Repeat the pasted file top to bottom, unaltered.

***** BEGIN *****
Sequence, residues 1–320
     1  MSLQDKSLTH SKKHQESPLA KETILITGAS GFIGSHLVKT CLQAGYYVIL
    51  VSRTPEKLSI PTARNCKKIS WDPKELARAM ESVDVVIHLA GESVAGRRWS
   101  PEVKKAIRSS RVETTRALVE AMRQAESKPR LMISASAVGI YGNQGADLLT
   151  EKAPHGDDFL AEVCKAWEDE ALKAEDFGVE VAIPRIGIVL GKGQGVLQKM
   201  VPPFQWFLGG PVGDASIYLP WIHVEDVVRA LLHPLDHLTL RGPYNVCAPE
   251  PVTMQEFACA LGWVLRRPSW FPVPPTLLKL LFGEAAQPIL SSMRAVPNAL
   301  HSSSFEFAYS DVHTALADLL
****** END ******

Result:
Sequence, residues 1–320
     1  MSLQDKSLTH SKKHQESPLA KETILITGAS GFIGSHLVKT CLQAGYYVIL
    51  VSRTPEKLSI PTARNCKKIS WDPKELARAM ESVDVVIHLA GESVAGRRWS
   101  PEVKKAIRSS RVETTRALVE AMRQAESKPR LMISASAVGI YGNQGADLLT
   151  EKAPHGDDFL AEVCKAWEDE ALKAEDFGVE VAIPRIGIVL GKGQGVLQKM
   201  VPPFQWFLGG PVGDASIYLP WIHVEDVVRA LLHPLDHLTL RGPYNVCAPE
   251  PVTMQEFACA LGWVLRRPSW FPVPPTLLKL LFGEAAQPIL SSMRAVPNAL
   301  HSSSFEFAYS DVHTALADLL